Chris told me “I did a few stock car meets and I was doing pay and play days, but 4 years ago I started thinking that it was a bit tame, so I went straight into the extreme challenges. My first one was the Rutland which was held over 6 different sites, and I have been to the Manby challenge for the last 3 years. I also did the Phoenix last year in Scotland which was really tough, and came 5th which I was quite chuffed about, and this year we are doing the Mission series. When we did that Phoenix we didn't do any damage which pleased me as it was such an extremely challenging event to compete in such a long way from home. A lot of the teams in it were going into the first section and either dying or coming out of the section late in the afternoon. One guy drove into it and broke his steering drop arm and he didn't get out until after 7 at night when everyone else had packed up and gone off home”.This is Chris 3rd challenge truck. He started off with a 90 Station Wagon, and got a roll cage from Whitbread Off-Road, bunged a set of Simex tyres on it and fixed a Warn 8274 winch on the front and a Lowline in the back. The front and back were chopped to improve the approach and departure angles, and Chris went on to tell me “back then 4 years ago I was the first one to do that modification, but now they are all doing it and running without front bumpers as well to even further increase the approach angle”.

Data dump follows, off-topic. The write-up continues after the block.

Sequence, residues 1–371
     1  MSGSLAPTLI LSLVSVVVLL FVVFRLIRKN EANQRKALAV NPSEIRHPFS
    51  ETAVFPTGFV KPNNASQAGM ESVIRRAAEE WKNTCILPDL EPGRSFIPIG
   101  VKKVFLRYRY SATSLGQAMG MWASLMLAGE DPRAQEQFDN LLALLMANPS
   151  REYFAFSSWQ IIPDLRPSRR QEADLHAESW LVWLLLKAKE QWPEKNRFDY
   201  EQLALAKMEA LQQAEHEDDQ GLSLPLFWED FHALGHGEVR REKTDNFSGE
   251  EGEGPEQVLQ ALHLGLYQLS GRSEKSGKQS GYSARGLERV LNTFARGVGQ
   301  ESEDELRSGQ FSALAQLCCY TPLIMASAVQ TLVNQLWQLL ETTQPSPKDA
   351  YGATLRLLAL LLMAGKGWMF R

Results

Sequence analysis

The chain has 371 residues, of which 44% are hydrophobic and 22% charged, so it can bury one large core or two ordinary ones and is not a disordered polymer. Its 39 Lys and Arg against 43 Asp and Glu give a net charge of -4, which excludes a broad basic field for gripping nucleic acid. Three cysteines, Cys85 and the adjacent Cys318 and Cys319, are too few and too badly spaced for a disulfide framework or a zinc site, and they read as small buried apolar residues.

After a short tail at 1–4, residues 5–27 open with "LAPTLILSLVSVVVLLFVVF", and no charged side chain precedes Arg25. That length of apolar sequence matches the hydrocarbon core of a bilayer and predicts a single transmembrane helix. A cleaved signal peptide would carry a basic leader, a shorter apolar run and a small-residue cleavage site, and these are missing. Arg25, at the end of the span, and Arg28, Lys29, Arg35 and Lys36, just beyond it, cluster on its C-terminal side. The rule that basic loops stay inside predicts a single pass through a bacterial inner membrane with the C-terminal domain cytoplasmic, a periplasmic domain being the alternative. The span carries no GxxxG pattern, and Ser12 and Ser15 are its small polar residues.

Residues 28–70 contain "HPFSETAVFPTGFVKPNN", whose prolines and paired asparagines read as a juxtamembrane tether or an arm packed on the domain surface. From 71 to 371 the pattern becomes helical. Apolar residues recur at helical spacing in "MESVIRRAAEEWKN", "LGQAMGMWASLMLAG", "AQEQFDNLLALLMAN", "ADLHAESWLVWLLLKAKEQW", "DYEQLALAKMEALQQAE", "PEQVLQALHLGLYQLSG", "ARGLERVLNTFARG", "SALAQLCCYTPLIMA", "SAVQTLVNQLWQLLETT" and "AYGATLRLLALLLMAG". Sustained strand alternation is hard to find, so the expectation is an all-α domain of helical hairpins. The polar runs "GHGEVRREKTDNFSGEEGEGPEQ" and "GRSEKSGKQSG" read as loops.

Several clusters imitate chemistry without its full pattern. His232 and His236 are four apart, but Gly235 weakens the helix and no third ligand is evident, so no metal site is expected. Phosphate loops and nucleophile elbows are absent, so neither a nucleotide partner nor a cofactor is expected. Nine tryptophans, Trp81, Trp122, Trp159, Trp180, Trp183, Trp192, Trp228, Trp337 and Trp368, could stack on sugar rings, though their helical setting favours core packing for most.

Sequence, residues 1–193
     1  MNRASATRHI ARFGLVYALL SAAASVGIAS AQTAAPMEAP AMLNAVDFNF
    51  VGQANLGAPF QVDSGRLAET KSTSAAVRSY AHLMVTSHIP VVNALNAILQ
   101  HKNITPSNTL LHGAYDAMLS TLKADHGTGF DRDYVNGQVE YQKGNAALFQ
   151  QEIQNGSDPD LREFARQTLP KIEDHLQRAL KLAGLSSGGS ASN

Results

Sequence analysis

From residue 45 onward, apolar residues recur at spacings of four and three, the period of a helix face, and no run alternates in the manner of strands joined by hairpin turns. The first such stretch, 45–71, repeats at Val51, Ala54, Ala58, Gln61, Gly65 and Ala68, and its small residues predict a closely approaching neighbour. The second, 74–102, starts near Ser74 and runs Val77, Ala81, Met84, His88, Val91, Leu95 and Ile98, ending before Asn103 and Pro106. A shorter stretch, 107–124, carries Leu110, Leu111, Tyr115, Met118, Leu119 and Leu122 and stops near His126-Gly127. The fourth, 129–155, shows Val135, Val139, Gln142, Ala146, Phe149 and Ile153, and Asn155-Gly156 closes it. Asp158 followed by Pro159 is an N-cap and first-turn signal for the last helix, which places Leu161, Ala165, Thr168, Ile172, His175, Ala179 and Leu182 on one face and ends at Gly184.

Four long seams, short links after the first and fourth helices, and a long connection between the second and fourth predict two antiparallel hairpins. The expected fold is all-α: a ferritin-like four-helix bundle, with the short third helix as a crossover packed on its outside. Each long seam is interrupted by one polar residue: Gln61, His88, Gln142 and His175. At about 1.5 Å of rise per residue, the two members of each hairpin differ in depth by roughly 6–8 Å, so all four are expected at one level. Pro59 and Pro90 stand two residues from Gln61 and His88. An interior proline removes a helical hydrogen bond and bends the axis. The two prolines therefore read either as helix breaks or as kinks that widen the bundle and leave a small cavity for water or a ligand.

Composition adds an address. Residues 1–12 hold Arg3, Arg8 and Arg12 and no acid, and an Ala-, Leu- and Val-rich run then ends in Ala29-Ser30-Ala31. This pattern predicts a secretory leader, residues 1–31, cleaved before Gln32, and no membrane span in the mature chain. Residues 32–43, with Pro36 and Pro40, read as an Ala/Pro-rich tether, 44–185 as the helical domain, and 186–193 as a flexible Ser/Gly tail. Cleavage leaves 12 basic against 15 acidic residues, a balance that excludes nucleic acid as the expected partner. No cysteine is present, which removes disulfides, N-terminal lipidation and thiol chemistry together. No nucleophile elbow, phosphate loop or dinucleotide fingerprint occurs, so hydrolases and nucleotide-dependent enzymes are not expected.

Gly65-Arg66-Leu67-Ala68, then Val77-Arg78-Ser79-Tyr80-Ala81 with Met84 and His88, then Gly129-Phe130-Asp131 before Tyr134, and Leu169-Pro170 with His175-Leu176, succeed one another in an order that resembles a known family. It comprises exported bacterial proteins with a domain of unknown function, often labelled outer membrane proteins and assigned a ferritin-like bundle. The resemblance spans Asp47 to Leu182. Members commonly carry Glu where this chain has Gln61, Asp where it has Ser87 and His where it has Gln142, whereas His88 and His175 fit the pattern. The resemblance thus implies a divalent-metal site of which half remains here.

ENTER THE HARE